Written by Amanda Rowan. Originally Published by Massachusetts Lawyers Weekly on February 11, 2022.
As a clinical psychologist serving the legal community in Massachusetts, I see firsthand how stigma prevents somany from seeking the support that they need. As many in the lawyer well-being movement are aware, the rate of substance use disorders among practicing attorneys is twice the rate of the general population (20.6 percent among lawyers), and the No. 1 barrier for getting the help that lawyers need is “not wanting others to find out they needed help” (“The Prevalence of Substance Use and Other Mental Health Concerns Among American Attorneys,” Journal of Addiction Medicine, 2016). The fear of “what might happen if others know” can often feel more uncomfortable than the actual burden with which we are struggling. This is because the ambiguous “what if” is usually answered with the worst-case scenario in our minds. This imagined worst-case scenario helps maintain the stigma. So, what helps to break the stigma? Hearing real stories from those who have felt that fear, persisted through it, and come out stronger on the other side. One such story is from my friend and colleague Amanda.
Our gratitude to Amanda Rowan for the following article appearing on our blog as a guest post and originally published by Massachusetts Lawyers Weekly. Amanda Rowan is an assistant clerk in the Superior Court and formerly worked as an assistant district attorney.Promoting lawyer well-being and creating a more inclusive and supportive legal community is her passion. The above article is part of a series from the Massachusetts Bar Association Lawyer Well-Being Committee. If you would like to submit an article or proposal to be part of this series, please email email@example.com for consideration.
Shawn Healy, Ph.D., Lawyers Concerned for Lawyers
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As I celebrate nine years of continuous sobriety, I cannot help but remember how terrified I was that others in the legal community would discover I had a problem with alcohol. I will never forget walking into my first recovery meeting with the hood of my sweatshirt tied so tightly around my face, afraid a colleague would see me.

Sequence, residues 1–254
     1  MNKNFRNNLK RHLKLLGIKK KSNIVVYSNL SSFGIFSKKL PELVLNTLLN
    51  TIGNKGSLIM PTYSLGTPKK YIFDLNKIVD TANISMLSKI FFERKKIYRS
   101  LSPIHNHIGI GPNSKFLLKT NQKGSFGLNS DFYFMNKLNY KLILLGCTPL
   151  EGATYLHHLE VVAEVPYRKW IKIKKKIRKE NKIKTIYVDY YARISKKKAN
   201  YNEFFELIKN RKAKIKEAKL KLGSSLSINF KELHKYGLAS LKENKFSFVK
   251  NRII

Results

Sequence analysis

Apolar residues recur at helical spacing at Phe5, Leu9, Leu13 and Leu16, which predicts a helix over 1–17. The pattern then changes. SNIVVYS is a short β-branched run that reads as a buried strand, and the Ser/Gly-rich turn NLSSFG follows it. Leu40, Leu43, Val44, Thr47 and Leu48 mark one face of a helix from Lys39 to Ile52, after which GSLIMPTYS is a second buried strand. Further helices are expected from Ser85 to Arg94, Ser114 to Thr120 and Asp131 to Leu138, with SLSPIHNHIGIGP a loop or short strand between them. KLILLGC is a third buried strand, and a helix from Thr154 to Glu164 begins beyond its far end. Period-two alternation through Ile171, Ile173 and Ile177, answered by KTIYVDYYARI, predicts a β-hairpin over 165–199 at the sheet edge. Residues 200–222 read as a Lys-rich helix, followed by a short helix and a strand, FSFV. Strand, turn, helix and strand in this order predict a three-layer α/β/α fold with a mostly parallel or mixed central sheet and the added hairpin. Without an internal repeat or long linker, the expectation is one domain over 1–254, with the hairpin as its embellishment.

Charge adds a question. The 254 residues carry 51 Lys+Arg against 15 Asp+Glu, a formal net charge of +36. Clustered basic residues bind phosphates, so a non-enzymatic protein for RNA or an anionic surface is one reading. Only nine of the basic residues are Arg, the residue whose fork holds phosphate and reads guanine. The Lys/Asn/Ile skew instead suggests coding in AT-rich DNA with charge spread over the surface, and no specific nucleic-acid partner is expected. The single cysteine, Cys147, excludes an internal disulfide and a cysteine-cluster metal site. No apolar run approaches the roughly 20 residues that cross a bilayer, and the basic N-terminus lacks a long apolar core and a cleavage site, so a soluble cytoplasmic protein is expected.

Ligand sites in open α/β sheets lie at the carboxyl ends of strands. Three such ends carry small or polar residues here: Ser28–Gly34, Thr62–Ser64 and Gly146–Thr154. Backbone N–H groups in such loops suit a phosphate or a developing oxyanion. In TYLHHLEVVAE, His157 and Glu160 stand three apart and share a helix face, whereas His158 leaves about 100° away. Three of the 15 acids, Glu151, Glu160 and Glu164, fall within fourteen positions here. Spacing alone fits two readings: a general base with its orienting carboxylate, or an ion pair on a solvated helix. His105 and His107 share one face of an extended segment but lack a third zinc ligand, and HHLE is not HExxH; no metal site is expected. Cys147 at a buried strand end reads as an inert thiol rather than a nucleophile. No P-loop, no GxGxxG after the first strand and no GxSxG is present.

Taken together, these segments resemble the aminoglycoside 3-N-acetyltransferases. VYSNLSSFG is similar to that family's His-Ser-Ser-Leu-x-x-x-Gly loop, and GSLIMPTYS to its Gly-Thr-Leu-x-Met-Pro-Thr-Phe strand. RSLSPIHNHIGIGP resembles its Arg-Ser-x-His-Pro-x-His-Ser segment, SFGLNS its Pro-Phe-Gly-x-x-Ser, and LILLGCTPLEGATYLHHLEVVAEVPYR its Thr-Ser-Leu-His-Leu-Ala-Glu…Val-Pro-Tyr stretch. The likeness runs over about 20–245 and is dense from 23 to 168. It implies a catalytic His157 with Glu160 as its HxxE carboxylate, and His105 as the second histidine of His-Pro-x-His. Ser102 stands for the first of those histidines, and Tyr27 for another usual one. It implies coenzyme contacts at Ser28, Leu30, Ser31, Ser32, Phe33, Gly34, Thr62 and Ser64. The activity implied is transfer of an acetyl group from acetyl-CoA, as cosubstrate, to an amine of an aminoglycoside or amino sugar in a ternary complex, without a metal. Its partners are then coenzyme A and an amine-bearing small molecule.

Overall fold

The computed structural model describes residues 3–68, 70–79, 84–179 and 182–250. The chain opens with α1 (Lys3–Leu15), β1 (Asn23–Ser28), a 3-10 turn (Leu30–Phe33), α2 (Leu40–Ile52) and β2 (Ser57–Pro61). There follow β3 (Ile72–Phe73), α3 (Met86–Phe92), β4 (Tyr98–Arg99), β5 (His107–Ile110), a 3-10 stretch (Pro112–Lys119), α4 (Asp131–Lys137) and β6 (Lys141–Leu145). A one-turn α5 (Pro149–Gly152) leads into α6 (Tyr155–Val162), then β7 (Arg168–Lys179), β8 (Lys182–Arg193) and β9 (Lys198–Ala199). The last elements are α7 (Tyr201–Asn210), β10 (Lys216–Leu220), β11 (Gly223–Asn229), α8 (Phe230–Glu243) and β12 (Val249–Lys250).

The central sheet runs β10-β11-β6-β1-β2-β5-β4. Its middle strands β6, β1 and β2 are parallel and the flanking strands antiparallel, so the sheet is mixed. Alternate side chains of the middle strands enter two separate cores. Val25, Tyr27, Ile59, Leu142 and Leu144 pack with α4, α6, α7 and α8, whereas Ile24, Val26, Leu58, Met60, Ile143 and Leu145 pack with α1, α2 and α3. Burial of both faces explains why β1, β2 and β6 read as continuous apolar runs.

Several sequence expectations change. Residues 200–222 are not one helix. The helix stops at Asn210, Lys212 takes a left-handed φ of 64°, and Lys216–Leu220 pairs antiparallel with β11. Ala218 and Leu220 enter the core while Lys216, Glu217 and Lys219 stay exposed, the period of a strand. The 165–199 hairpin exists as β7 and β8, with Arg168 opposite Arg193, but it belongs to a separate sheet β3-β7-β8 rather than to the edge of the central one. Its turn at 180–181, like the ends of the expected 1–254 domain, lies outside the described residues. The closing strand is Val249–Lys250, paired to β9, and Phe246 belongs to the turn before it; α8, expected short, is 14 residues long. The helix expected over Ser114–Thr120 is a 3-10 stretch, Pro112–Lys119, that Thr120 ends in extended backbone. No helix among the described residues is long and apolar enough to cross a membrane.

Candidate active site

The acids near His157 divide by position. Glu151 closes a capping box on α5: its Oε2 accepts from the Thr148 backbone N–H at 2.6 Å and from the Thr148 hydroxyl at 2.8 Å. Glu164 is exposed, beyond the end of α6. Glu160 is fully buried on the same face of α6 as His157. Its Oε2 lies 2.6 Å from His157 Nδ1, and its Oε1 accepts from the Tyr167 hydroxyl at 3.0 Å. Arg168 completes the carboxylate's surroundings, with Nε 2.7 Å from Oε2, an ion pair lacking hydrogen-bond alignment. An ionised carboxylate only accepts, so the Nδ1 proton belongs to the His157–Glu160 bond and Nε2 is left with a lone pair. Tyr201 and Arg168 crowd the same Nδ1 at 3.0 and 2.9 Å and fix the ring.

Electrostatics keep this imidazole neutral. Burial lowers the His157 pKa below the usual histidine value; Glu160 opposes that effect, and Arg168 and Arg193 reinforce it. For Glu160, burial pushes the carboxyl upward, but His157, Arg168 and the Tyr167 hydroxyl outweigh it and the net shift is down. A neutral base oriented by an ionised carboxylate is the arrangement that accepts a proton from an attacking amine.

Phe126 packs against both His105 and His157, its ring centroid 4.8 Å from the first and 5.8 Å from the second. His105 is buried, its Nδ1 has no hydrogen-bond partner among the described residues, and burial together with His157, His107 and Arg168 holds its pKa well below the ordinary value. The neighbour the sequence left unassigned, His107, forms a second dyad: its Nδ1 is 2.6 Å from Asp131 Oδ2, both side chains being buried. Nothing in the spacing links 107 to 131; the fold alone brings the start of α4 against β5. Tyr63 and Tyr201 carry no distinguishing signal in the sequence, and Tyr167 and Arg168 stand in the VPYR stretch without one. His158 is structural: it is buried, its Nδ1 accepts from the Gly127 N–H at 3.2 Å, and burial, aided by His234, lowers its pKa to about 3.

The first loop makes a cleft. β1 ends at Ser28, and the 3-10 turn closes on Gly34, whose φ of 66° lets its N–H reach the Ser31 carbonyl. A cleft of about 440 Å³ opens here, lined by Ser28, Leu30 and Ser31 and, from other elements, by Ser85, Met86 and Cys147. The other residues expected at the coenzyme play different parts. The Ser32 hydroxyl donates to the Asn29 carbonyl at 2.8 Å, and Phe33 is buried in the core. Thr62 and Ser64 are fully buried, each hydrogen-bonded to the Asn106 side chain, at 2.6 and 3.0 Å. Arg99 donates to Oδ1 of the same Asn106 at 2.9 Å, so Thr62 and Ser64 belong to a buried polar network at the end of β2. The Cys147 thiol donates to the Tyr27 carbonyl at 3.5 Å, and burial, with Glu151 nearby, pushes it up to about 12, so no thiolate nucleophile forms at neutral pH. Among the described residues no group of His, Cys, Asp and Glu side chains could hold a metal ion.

Despite the fact that I had done so much of my excessive drinking with fellow lawyers, advocates and members of law enforcement, the stigma and fear attached to being identified as an alcoholic was crippling.
What is it about saying out loud what so many of us deal with that is so impossible? Why does our profession recoil from the idea of addiction when so many among us are suffering? Why do we excuse bad behavior so easily with“work hard, play hard,” yet balk at the idea of getting help?
It wasn’t easy navigating life with my newfound sobriety, in a world where “you deserve a bottle of wine” or “you need a drink after that day” are simply normalized comments exchanged between battle-weary co-workers.
Work events, where alcohol was the ever-present lubricant for social bonding, felt full of landmines. Trying to come up with excuses for turning down drinks was so uncomfortable.
I knew others were having the same experience, since I had connected with so many lawyers in recovery and had heard so many stories (drink carts at the firm, beers handed out at the office during new employee training) —stories that were otherwise kept quiet, since many, even those with decades of sobriety, firmly believed that if they were outed as an alcoholic they would lose their jobs and their reputations.
I believed that, too. But after receiving unconditional support fromfriends and family after opening up about my drinking problem, I decided to “come out” about my recovery at work a few years ago.I didn’t make that decision lightly, and it was a slow and tentativeprocess, but I have been amazed by the reaction I have receivedf rom fellow attorneys and the judges with whom I work.]
Instead of being shunned or judged, I have been met with only support and kindness. It has built a foundation for bonding and connection I wouldn’t have thought possible with my colleagues.